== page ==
Saturday, April 08, 2006

The Garden Near Golgotha

I have taken a keen interest in the gospel of John lately which is mainly due to the fact that my church has been going through it. However one theme seems to run through it that I never picked up on before. It will be easiest for me to speak about the theme like this:

There sits on my desk a small pot. It is black with gold lettering. Inked in this gold lettering is the verse found in Romans 6, which says "Therefore we have been buried with Him through baptism into death in order that we too may live a new life". When I wrote this verse on pot (probably, some product of an school or church craft time), I thought it was comforting. A novel reminder of a life renewed in Christ, for just as He found himself emerging from the grave in the new garb of victory, so too are we promised to return with Him. Yeah totally... a pot...with dirt... a pot; a subtle reminder of a truth I didn't fully grasp.

Then I stumbled upon John 19, and I noticed something curious about the narration toward the end. At a lunch meeting with my pastor this week I made him chuckle with the description of John as the ancient minimalist, because he often only alludes to or leaves to subtext key information for deciphering the message of his gospel. With this in mind, when I got to the end of chapter 19 I knew something was up. John tells us that Joseph of Arimathea and Nicodemus, the secret friends of Christ, took charge of Jesus' corpse. They prepared it for burial, wrapped it, and then, interestingly, laid it in a garden near Golgotha. I knew John wouldn't have wasted the paper or ink to tell us that he was in a garden unless it were essential, and the words of Jesus, with the help of some friends who I later shared this with, came ringing back to me. He said that a seed could never grow unless it first was buried and died (slight paraphrase of John 12, obviously), and I began to see that John's emphasis on the location of Jesus' burial was no mere coincidence.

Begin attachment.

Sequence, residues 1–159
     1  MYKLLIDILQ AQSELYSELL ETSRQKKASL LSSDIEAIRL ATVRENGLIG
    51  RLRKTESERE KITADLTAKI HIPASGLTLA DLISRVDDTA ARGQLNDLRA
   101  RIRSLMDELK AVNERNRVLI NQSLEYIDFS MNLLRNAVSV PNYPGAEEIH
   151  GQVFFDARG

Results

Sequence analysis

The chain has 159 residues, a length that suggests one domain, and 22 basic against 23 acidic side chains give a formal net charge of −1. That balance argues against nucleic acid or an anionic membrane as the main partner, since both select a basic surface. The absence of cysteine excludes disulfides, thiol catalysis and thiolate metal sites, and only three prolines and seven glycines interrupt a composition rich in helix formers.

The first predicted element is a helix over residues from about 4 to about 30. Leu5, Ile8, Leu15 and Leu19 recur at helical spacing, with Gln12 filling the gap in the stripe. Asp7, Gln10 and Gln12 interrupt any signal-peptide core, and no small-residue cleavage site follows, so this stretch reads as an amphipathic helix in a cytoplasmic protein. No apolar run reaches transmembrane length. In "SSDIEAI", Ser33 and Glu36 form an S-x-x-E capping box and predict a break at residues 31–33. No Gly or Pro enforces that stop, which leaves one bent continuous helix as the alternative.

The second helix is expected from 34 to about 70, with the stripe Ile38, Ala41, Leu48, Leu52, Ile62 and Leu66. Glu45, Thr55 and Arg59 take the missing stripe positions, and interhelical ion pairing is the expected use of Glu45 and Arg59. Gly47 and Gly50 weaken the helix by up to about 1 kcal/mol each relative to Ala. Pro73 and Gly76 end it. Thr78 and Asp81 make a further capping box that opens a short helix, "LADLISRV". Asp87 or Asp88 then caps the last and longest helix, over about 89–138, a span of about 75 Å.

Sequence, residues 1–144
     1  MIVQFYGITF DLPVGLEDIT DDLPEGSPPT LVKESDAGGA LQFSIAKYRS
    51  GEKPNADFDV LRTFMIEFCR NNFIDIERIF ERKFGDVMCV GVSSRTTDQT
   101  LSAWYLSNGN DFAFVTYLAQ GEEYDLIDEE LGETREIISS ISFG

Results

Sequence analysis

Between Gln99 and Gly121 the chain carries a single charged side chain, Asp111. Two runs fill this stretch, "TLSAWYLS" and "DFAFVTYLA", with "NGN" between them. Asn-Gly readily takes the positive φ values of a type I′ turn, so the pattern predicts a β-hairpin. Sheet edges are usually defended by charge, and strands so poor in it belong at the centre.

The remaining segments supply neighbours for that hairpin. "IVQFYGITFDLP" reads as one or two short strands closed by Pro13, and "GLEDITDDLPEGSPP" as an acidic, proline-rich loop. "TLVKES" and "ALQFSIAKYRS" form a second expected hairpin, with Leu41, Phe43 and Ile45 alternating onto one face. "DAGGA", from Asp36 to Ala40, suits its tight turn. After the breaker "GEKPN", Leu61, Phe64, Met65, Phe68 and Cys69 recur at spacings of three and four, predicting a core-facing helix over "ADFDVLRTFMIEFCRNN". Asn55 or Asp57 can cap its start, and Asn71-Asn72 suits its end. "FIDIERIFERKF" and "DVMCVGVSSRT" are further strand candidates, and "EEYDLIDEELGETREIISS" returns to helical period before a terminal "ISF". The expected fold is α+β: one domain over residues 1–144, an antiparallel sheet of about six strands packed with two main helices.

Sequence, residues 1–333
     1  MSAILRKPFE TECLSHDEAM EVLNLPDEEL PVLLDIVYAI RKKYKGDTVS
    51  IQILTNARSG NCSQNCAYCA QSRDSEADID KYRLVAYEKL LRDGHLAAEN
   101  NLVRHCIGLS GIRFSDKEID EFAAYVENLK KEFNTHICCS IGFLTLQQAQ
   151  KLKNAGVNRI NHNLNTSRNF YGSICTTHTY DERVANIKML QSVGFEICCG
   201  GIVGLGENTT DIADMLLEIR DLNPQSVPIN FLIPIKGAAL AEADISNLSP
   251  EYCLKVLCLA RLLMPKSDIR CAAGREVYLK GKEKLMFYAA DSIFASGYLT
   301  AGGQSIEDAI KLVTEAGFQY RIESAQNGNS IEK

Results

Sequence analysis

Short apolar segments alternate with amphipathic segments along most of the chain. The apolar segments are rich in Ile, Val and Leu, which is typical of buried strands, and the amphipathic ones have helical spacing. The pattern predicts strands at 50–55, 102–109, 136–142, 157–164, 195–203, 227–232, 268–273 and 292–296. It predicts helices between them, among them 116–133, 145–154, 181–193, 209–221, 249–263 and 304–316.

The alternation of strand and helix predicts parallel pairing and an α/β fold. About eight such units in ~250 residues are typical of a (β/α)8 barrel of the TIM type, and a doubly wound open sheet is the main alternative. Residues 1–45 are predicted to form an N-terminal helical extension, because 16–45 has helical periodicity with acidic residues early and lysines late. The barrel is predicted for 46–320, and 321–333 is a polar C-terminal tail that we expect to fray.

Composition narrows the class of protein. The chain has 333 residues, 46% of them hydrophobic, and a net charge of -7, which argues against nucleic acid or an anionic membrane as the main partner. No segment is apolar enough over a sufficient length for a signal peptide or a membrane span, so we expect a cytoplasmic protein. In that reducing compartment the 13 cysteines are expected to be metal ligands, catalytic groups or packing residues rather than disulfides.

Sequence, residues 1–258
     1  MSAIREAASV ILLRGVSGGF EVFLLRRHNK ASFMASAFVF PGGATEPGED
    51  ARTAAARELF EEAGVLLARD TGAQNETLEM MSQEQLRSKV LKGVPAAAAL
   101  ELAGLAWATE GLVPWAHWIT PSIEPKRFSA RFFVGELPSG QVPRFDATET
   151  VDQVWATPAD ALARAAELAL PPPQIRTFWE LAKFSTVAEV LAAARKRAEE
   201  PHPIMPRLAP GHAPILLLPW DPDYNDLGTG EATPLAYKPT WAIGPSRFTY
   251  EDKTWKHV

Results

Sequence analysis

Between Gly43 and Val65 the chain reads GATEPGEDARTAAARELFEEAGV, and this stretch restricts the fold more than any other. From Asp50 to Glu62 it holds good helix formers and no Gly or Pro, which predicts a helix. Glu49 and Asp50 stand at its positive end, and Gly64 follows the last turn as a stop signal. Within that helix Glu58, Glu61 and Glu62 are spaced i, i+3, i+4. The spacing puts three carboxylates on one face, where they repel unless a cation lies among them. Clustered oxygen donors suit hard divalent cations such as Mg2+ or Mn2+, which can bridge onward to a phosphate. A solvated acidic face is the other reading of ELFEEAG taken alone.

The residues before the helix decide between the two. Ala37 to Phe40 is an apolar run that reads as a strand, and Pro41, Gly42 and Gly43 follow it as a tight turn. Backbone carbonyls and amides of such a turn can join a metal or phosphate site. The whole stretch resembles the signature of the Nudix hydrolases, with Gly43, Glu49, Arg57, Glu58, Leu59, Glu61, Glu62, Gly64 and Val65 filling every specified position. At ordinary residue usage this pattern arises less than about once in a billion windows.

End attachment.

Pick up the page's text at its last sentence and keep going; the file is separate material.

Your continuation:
It was the only place, the garden that is, that was fitting for Him to be placed. It was the only venue conducive to His nature of new life. The same day that I began to wrestle with this passage, I came to my room and saw the pot. Wondering if it needed water, I peered into it and to my utter surprise there was a small sprout sticking up from the moistened soil; what once was buried and dead sprung into creation with new life and new vigor. It is only fitting that Christ was buried in the garden near Golgotha, for just as every new spring reaches forth and extracts from the ground the renewed life of creation, so too did the God of the universe embody His creation, defeat death, and burst from the ground with a herald of triumph, victory, and honor. Christ's three day germination signaled the beginning of new creation, bound His chosen to irrevocable life, and marked for eternity the end of despair.

2 comments:

Anonymous said...

nice.

Jeff said...

Well done!

"Unless a seed dies it remains only a seed..."

How ought we to see the garden now? Do we live in a garden where we also may die?

PS-Matt, I'm going to give Brent your blog address to link it to whatisatlas.com